Article citations

    J. L. Styles, A. Meier, L. A. Sutherland, and M. K. Campbell, “Parents' and caregivers' concerns about obesity in young children: a qualitative study,” Family and Community Health, vol. 30, no. 4, pp. 279–295, 2007.

has been cited by the following article:

  • TITLE: Perceptions of Preventive Health Care and Healthy Lifestyle Choices for Low Income Families: A Qualitative Study
  • AUTHORS: Sasha A. Fleary,Reynolette Ettienne-Gittens,Robert W. Heffer
  • JOURNAL NAME: ISRN Preventive Medicine DOI: 10.5402/2013/189180 Sep 17, 2014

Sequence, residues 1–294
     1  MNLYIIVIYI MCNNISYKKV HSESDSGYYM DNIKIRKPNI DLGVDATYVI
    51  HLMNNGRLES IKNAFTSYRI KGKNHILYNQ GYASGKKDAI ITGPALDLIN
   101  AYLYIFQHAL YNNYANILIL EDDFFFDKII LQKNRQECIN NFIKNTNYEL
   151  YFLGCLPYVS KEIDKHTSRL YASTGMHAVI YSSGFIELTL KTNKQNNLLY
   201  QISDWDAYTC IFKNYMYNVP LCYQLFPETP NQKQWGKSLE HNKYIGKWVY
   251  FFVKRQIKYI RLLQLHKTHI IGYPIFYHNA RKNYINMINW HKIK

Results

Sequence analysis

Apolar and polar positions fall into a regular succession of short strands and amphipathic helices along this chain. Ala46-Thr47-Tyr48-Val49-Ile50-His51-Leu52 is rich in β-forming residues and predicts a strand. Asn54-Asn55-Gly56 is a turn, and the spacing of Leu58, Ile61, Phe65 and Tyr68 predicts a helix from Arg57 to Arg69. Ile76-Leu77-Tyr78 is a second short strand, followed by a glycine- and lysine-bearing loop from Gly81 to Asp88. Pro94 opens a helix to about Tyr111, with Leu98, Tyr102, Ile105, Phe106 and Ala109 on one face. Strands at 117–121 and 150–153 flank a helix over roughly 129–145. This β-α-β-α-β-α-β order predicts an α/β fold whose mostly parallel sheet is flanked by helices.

• ABSTRACT: This paper examines Head Start parents’ perceptions of preventive health and healthy lifestyle choices and Head Start administrators’ perceptions of the needs of parents they serve. To address the preventive health of the population, it is necessary that we explore perceptions, risks, and protective factors of preventive health. Focus groups were conducted with parents and administrators to elicit this information and to obtain suggestions for improving preventive health and healthy lifestyle choices among this group. Overall, nutrition and physical activity emerged as themes in parents’ definition of preventive health and healthy lifestyle choices. They further identified social support and education as major protective factors for engaging in preventive health and healthy lifestyle choices. Results of this study can be used to inform research and practice to develop interventions to increase preventive health and healthy lifestyle choices among low income families. 1. Introduction Low income persons in the USA are less likely to seek preventive health care and have low health literacy, which places them at risk for poorer health outcomes and increased use of treatment services [1–3]. Health literacy may impact on individual’s ability to successfully use the health care system and to engage in preventive care and disease management [4]. In the case of parents of young children, low health literacy may compromise their ability to seek or engage in preventive care for themselves and their children. According to the Institute of Medicine [1], older adults, racial and ethnic minorities, individuals with less than a 12th grade education, GED certificate recipients, nonnative English speakers, and individuals with low incomes are all more likely to have low health literacy. Individuals with these demographic characteristics are also more likely to be socially disadvantaged and thus further disadvantaged on health. Although a plethora of research exists on the effects of health literacy on adult health, relatively less research has been conducted to address the impact of parental health literacy on the health and well-being of children. Children, especially preschool-aged children, are vulnerable to their environment [5] and rely heavily on their parents to ensure their health and well-being. Based on the adult studies, therefore, parents’ health literacy is postulated to influence the preventive health measures parents pursue for their children. 2. The Head Start Program The Head Start Program was established in 1964 as part of the “war on poverty.” This